What to expect when you don’t get what you were expecting…

If you’ve got a child with food intolerances or allergies – there’s a good chance I’m the other parent at playgroup trying not to look panicked as I shoo my kid away from wheaty crumbs and chunks of cheese.

Both my husband and I are afflicted with various intolerances and sensitivities (dairy, gluten, wheat, rye, sulphites, artificial colours, pollen, fur, wool, dust, grasses, mosquito bites, tea tree oil… the list goes on). When we talked about starting a family we joked that we might end up with a bubble boy/girl – what we didn’t know, was that your child has a 50% chance of having the same intolerance/allergy as you, and a 75% chance if both you and your partner have the same sensitivity. Ouch, those stats hurt!

Our new bundle of joy started having problems starting as soon as we got her home. She seemed to be in pain, wouldn’t settle, began getting eczema on her face and I saw colours during nappy changes that were not in ‘what to expect in the first year’.

I don’t know how many hours I spent googling to try to get some answers or a teensy bit of help but frustratingly I found there wasn’t much on offer. Everything was pretty generic with no pointers on where to really get some help.

So, ladies and gentlemen, if you are in my place right now and have somehow landed upon my page I will try my best to concisely take you through the ups and downs of our journey and hopefully point you in the right direction (which aint googling at 4am!) based on what worked for us.

Stage 1: Lactation consultant – Lactose overload? Not enough hindmilk? Eliminate dairy?

Stage 2: Paediatric Dietician – FODMAP in all its glory

Stage 3: Paediatrician – Weight gains, treating eczema and constipation

Stage 4: Naturopath – Gut health

Stage 5: Allergist – What the latest medical advice is on introducing foods, food challenges



Life’s pretty straight without twisties

I’m not ashamed to admit that I LOVE food, in all forms. I have never been known as someone who says no to indulging in tasty treats for fear of an expanding waistline because I’ve always had a healthy respect for food and don’t go too overboard simply because it doesn’t make my insides feel crash hot. We’ve all heard parents threatening their kids with the old ‘don’t eat too many lollies or you’ll get a sore tummy’, well, I was the kid with a sore tummy after gorging on sugary delights. I’ve also had a history with food intolerances and have had an on again off again relationship with wheat and gluten.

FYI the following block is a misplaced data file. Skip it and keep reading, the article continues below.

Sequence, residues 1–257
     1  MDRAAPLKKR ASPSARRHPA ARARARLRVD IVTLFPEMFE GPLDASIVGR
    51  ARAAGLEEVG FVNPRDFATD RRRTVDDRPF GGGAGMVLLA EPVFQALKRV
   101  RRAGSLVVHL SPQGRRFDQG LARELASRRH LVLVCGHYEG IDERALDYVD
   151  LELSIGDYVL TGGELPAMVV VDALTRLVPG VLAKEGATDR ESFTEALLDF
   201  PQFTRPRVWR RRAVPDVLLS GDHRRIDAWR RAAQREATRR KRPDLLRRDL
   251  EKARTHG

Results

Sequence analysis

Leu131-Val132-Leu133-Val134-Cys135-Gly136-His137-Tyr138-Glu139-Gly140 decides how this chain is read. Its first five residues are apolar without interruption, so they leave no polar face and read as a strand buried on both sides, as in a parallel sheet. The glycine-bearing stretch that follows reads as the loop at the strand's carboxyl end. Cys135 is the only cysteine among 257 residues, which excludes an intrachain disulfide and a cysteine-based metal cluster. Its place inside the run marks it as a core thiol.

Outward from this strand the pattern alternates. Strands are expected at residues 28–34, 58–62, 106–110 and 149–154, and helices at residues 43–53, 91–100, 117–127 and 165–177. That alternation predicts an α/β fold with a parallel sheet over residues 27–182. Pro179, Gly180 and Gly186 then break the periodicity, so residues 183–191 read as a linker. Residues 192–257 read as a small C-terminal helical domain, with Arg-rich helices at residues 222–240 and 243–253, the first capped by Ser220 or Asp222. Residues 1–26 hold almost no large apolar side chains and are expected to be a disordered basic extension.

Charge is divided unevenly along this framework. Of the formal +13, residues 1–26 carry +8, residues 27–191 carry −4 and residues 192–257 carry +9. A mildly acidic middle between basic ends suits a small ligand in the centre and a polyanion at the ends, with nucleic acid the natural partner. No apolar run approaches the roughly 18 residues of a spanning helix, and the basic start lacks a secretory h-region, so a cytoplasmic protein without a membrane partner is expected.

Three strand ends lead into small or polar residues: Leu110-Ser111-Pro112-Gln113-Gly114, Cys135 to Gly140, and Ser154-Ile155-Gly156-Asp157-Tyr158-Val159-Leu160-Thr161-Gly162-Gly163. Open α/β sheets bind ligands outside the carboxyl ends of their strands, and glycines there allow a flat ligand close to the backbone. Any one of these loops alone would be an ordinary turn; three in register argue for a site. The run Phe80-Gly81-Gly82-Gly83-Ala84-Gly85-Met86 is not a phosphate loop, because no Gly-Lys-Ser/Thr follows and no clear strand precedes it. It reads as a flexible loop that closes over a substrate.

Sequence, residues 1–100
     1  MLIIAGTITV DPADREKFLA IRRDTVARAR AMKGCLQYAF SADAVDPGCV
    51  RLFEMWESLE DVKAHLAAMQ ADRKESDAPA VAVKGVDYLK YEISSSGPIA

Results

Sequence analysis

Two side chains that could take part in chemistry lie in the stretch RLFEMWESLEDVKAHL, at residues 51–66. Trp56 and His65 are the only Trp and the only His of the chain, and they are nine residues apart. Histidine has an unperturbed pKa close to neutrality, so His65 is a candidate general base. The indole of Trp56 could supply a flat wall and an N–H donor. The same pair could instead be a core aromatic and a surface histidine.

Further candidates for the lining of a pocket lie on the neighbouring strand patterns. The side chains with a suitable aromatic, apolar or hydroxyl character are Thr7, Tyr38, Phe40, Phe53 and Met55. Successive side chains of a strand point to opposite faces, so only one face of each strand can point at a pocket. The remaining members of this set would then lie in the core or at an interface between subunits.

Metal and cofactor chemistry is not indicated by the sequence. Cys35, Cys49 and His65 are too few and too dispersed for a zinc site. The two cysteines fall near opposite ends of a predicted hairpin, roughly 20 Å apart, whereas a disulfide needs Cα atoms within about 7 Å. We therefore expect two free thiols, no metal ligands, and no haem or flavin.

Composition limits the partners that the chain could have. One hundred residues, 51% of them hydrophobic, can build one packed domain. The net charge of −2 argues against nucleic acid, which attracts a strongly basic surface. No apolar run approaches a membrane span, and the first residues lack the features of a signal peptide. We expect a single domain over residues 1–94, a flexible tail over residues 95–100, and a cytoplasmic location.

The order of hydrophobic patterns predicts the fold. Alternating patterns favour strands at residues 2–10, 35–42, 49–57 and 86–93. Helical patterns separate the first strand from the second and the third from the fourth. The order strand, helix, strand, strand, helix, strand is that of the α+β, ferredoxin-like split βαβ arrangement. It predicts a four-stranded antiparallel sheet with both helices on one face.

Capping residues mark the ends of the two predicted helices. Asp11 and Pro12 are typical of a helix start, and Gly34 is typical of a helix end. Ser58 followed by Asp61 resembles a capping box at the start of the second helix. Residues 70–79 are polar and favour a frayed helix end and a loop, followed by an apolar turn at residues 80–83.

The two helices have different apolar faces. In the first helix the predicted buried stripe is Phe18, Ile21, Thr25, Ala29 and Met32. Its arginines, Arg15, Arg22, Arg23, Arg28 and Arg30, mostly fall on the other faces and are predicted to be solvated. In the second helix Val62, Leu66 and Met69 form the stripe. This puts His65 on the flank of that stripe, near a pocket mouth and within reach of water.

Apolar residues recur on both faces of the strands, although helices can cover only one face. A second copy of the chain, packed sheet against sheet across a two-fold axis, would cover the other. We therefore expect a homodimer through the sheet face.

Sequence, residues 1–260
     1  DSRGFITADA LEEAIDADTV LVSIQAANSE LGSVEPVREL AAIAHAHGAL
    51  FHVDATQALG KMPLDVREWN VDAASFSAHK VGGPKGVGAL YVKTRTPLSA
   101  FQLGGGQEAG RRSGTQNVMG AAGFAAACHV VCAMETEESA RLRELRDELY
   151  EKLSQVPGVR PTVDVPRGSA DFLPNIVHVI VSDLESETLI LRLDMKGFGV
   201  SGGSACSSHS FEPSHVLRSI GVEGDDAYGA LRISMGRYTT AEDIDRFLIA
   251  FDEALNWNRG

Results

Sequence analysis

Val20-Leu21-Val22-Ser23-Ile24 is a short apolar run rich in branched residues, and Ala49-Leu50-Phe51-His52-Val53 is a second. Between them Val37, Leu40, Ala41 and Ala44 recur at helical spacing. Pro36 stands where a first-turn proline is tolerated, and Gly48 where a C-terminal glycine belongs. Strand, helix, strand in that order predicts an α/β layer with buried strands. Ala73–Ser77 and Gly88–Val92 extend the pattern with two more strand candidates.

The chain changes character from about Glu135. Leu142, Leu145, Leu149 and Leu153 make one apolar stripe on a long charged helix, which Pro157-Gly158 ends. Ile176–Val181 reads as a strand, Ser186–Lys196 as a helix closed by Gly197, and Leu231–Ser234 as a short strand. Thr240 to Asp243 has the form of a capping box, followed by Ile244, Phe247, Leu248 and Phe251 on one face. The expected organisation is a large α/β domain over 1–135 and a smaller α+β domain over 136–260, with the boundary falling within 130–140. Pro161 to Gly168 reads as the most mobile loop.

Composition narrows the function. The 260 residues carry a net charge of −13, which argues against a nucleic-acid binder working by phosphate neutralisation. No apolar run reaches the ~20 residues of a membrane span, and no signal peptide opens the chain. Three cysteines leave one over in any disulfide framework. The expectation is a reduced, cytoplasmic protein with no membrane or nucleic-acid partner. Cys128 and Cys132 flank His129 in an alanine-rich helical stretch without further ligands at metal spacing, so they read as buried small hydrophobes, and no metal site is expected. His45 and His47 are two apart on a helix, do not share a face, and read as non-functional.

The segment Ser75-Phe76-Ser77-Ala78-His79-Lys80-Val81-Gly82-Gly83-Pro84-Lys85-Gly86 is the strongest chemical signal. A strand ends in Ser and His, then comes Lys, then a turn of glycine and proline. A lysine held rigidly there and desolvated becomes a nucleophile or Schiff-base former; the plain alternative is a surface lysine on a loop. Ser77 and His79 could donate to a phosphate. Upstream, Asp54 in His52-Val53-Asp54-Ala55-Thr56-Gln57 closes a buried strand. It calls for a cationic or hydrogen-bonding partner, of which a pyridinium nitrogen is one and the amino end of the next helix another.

I’m not saying I’m an angel who eats mostly kale every day and snacks on an occasional piece of dark chocolate – far from it! I clearly remember being in the throes of labour being hand fed cheese twisties by my mother. “Twistie me up!” was the catch phrase that got me from 8-10 centremetres and brought my daughter into the world.

Flashback to approximately 11pm on the 1st of August 2014 and there I was, baby precariously balanced on a forearm, hospital table barely close enough to reach, on the worlds craziest adrenalin rush knowing I needed to eat but not feeling hungry. TheĀ  ‘essential’ nutritional choices I’d decided on just after I’d pushed my daughter out from my unmentionables were: bananas, gluten free bread, peanut butter, Lebanese cucumbers, party mix lollies and of course – a few remaining cheese twisties. Little did I know that I was already making the wrong choices for my food intolerant baby.

In the coming weeks I googled countless images of green ‘stools’ (surely stools would bring up more credible information than ‘poo’… right?) and sought the guidance of a private lactation consultant as I struggled with breastfeeding. That’s when my relationship with food began to take a dramatic turn and before I knew it I was eating chicken and lettuce and not much else.